Acts for Painterly Seeing

— Soyeon Ahn (art critic)

— Translation: Habin Yang

1. Canvas Piercing

Jiyoung Yoo’s canvas has been pierced from the very beginning. It may sound absurd, but it is true. Her canvas that was used as a support for paintings was not flat—at all. It does not conventionally show so-called two-dimensional flatness. Instead, her works have been continuously featured with random experimental units as if Yoo tried to prove her assumption that paintings rather “contain” images and substances than “support” those “on” a flat surface. In her two solo exhibitions Spilled Water (2018, Rainbow Cube) and One After Another (2019, Alltimespace) she has been boldly conducting “experiments on a thought process by overlapping seemingly irrelevant relations or trans-positioning propositions (see: artist statement)” under the pretext of (re)exploring the prerequisite of contemporary paintings. Yoo’s experiments on supports in paintings that started from random thoughts have converged into three-dimensional attempts to pierce the inside of canvas frames.

The artist has built methodologies in works by using some formal apparatus that aims to call out and fix flexible substances with continuous flow such as liquid, time and thoughts as a reference, and comparing them with paintings. For example, Yoo chooses very specific formal "frames" like cups, clocks, and manuscript papers as a series of systems that separates and represents inherently inseparable and unfixable liquid, time, and thoughts, and tries to overlap them with the canvas supports in her paintings. As Yoo explores how these inseparable and unfixable substances could exist in the reality with detailed forms, her fundamental assumption trying to infer formal logics on how paintings fix images and substances on canvas reveals itself in comparison.

Yoo’s first solo exhibition Spilled Water relentlessly questioned formal justification between “water in a cup” and “spilled water”, focusing on the relations between water (content) and cups (forms). On the other hand, in One After Another, a second solo exhibition, she observed how meanings are organized according to the selected forms of canvas and images while exploring various grid structures. During these processes, the artist gave her undivided focus on piercing the inside of canvas. This attentive focus can be also found in her A Little Artificial Arrangement in Her Garden (2017), an early work presented as part of her MA degree show in London. In this work, Yoo attached images on the wall in the exhibition space and laid white canvases with holes made following the contours of certain figures on them.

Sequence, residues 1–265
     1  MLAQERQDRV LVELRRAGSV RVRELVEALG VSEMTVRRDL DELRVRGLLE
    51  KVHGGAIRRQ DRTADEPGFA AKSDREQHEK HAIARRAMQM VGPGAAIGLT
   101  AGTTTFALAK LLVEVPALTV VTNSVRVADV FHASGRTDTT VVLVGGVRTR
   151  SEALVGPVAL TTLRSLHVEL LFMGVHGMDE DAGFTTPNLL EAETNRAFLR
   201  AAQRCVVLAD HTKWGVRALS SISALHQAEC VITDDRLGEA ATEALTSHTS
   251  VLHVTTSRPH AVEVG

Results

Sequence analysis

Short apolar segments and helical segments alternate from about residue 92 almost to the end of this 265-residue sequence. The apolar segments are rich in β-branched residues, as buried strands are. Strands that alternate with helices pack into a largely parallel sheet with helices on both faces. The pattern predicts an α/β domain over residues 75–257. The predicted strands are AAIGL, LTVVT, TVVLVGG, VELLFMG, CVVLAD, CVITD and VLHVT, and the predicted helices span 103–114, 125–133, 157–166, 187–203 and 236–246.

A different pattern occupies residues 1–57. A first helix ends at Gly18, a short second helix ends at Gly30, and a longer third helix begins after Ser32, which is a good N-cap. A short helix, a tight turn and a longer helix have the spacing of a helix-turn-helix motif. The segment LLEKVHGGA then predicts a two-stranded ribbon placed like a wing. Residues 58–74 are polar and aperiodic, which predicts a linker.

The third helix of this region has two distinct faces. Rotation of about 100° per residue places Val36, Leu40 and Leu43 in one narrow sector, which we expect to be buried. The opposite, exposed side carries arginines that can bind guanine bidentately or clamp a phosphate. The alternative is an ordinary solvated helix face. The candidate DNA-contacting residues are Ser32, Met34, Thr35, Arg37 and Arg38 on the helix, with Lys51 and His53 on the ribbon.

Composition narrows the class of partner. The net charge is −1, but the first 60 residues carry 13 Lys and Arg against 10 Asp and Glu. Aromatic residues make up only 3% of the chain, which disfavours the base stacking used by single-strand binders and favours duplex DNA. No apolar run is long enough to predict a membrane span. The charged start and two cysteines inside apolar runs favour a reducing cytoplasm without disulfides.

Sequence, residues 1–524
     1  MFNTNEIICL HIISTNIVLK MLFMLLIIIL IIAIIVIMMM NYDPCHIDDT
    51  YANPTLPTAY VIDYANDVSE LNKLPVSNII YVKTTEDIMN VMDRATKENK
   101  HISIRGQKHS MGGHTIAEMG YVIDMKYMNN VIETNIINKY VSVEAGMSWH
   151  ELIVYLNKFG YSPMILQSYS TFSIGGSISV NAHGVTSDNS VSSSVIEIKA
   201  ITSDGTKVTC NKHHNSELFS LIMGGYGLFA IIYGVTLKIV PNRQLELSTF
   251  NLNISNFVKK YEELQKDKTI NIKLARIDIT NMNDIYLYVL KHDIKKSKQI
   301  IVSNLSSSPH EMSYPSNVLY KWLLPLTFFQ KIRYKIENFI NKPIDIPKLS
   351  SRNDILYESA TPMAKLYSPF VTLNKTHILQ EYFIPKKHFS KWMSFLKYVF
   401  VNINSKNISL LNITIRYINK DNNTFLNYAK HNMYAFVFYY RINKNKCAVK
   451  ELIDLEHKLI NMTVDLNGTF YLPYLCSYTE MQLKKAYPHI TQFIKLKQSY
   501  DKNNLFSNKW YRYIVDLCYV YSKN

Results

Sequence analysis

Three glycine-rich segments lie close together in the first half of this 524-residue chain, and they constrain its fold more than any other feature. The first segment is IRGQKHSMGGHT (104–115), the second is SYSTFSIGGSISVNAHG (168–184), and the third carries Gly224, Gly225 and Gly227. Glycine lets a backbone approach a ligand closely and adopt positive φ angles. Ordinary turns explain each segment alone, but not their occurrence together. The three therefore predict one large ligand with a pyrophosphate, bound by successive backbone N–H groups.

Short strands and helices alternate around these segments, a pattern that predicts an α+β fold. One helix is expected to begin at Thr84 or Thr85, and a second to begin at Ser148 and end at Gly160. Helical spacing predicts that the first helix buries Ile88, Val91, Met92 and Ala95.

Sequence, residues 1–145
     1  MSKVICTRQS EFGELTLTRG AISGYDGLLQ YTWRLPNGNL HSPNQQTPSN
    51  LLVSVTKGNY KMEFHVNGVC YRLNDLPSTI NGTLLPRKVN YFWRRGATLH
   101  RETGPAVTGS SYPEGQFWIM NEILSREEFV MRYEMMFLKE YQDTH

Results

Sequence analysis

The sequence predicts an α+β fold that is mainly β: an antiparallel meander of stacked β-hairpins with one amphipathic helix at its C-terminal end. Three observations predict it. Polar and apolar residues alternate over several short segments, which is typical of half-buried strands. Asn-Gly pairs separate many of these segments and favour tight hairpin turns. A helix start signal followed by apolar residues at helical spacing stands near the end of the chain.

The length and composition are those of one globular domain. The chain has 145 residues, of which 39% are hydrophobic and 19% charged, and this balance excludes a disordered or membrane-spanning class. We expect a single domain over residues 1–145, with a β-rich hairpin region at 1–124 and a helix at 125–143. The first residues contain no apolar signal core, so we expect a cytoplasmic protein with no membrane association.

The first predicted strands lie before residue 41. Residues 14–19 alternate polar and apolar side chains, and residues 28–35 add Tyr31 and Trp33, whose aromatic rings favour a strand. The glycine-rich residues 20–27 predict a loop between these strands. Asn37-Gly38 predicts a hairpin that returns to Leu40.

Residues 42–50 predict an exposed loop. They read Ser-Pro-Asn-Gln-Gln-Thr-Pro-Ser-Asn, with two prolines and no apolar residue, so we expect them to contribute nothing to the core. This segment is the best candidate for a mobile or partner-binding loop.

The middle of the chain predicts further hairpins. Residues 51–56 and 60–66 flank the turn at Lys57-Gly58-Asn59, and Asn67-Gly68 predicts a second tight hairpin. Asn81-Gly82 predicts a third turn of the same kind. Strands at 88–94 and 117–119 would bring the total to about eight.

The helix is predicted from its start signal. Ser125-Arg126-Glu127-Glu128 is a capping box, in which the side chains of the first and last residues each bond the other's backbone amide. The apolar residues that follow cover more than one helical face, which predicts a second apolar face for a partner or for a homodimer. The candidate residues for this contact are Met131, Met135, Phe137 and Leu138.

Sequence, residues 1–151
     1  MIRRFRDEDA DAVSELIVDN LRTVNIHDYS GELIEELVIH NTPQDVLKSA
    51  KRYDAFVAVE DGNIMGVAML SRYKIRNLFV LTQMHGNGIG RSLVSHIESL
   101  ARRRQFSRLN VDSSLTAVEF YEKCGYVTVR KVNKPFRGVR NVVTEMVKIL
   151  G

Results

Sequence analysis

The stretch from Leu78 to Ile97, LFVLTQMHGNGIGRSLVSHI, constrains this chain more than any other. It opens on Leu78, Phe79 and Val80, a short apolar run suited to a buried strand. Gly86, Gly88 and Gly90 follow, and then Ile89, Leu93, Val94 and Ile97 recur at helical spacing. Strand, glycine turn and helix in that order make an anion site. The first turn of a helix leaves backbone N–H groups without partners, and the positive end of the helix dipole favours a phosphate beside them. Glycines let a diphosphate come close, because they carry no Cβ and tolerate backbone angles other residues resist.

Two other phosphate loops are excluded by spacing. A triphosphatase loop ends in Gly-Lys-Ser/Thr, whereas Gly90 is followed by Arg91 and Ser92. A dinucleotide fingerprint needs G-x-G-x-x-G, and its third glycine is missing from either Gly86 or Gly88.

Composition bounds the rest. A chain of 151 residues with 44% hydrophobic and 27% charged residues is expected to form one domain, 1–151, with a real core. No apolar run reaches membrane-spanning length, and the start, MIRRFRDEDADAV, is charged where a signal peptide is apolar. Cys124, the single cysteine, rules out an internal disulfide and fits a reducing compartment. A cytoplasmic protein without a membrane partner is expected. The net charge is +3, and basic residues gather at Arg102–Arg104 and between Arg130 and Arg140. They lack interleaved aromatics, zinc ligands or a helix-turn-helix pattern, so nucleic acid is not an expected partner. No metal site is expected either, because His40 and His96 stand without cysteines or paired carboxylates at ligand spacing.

Her act of making holes on canvas lays down an ambivalent elucidation of supports in paintings. One is an emphasis on spatial utility of the grid that is often eclipsed by flatness of canvas. The other is a reestablishment of holes which served as uncertain boundaries on the canvas surface as one of prerequisites in paintings. The hole originally refers to actual ones that Yoo has created based on some systems in our real lives, but it also means boundaries among images and brings refreshment to fabric weaves. In other words, as we cannot fill water in broken cups, images cannot be accumulated on a pierced canvas with holes but appears as if Yoo is conducting magical experiments of relocating three-dimensional subjects to painterly illusions by transforming these holes into other girds.

2. Image Stacking

Yoo uses various motifs. Eggs, cups, citrus fruits are one of her frequent motifs and they are cast with plaster or used as an image in photos. While pursuing the radical attempt of piercing a canvas, she overlaps a linear arrangement system such as a calendar or manuscript papers on a flat surface of canvas. “Inside” such painting supports with ambivalent characteristics, she locates multi-dimensionally altered images. One of her previous works, Bric-à-Brac (2019) complexly overlaps the supports and images. From this work, it is hard to tell which one supports countless images or devotedly constitutes a painterly space as an image.